Julie working with horse on the lead line.

Have You Ever Been Kicked?

Dear Julie: This may be a very odd question, but I was curious how many times have you been kicked or caught in the crossfire in your training career? I’ve been kicked three times, but tonight I got kicked square in the pelvis by a dominant mare who was going after my mare while I was putting a halter on her. I saw it start to happen, but couldn’t get away fast enough. It is the first time I have considered throwing in the reins because it frustrates me so much.

First Time for Everything

One of my earliest memories is of getting kicked by a horse. It was circa 1965. I was 5 or 6 years old and my dad was feeding the horses who had lined up in their tie stalls for their grain. I was watching my dad feed as I wandered aimlessly around the barnyard—right smack into the kick zone of the food-aggressive gelding. Lightning fast, he kicked me square in the stomach—throwing my little stick figure up into the air and landing flat on my behind unceremoniously in the mud. It was the first (but not last) time I got kicked and also the first (but not last) time I got the air knocked out of me. It was, however, the very last time I laid eyes on that gelding. My dad never tolerated unsafe horses. Nonetheless, wrong place, wrong time. Entirely predictable.

Whenever someone asked, “Does this horse kick?” my father always said, “All horses kick, all horses bite, all horses strike.” That’s a simple fact of horse behavior—Horsemanship Safety 101, if you will. What I would add is that generally when you get kicked, it’s because you were too close to the kick zone when you shouldn’t have been. I know for myself personally, every time I’ve been kicked (and yes, there have been many—far too many to count), it was because I was doing something I shouldn’t have. Also, I would say, that which does not kill you makes you stronger!

Whose Fault Is It?

As I said, I’ve been kicked too many times to remember the number. Anyone who has worked with as many horses over as many decades as I have—handling colts, starting young horses under saddle, desensitizing, catching, gentling, doctoring, loading in a trailer—has been kicked too many times to remember each one. Still, some incidents stand out to me (for the sheer stupidity of my actions which resulted in me being kicked). The good news is that we learn (hopefully) from each stupid mistake so we won’t get kicked that way again!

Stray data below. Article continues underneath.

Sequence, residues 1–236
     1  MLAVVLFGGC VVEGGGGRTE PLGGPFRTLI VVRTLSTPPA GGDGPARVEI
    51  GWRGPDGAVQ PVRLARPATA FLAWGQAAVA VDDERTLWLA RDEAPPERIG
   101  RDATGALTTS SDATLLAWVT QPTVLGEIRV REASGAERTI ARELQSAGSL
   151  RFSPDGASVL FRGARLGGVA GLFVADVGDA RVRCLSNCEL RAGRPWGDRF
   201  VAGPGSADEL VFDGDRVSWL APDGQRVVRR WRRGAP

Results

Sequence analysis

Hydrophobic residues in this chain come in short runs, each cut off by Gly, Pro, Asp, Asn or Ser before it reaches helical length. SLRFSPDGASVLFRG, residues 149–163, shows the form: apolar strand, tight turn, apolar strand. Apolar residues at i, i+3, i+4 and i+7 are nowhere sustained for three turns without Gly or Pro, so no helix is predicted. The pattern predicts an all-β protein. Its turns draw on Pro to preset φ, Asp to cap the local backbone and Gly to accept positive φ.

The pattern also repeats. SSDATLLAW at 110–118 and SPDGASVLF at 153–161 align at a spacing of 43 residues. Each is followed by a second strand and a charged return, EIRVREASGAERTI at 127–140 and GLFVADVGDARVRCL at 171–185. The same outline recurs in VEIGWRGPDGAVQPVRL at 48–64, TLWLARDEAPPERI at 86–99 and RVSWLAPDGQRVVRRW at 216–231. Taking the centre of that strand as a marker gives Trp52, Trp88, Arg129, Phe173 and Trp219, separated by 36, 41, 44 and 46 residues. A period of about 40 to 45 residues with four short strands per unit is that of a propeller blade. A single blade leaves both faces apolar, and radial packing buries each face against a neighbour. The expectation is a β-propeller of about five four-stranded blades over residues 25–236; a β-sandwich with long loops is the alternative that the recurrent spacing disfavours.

Another kicking episode that stands out in my memory, was the time I got kicked in the thighs by double barrels, coming from a shod 17-hand black Thoroughbred. His name was Magic and he was a kind and gentle OTTB gelding that belonged to a friend and client. He occupied the biggest stall in my barn (12×14), yet he made it look small. The door out to his run was wide open, but he barely fit out of it (the old barn being built for much smaller horses). I was in the middle of morning chores and his head was buried deep in the feeder as I walked by his stall. I looked at him, eye-to-eye, as I spoke a gentle, “Good morning big guy,” to him. I opened his door, speaking to him again as I reached out to touch his side and move him over so I could grab his dirty water bucket. Whaphumph!!

Although I was absolutely certain that horse had seen me, heard me and understood me to be opening his stall door, when I reached out to touch him I startled him—and he kicked out with both his hind feet. They landed square in the middle of both my thighs and sent me sailing out of the stall, slamming my back into the wall on the other side of the barn aisle. In one huge movement, he kicked me out of his stall and exploded his 1100-pound, 17-hand frame out of the tiny stall door, into the run. Even as I was flying backward out of the stall I knew I had done something stupid—made some unreasonable assumptions—and that this kind and gentle horse was not at fault. The good news is, I will never make that mistake again.

Is Getting Kicked Part of the Sport?

Although horses generally choose flight in response to a threat, they are perfectly well-equipped to fight. Kicking is one of three defensive or offensive “weapons” of the horse, and it is the least deadly. Biting and striking (lashing out with the front feet) are much more dangerous, but fortunately, we see these behaviors less. Horses sometimes kick aggressively (usually backing up and kicking with double barrels, squealing at the same time), but most often kicking is defensive in nature. You see it all the time when a dominant horse comes after the subordinate horse. The subordinate will kick out to buy a little time as he runs away—much like he would kick and run from a predator.

Horses kick at each other all the time, mostly as a gesture or threat. They pull their punches a lot and tend to make contact when they want to. Generally, when they kick at each other (or at you), it is more of a threat or warning and less intent to injure. Often, when they do make contact with a kick, it is to a fleshy or meaty area that can take the punch better. But their aim is not perfect and it is not hard to get caught in the crossfire between two or more horses, as in this case.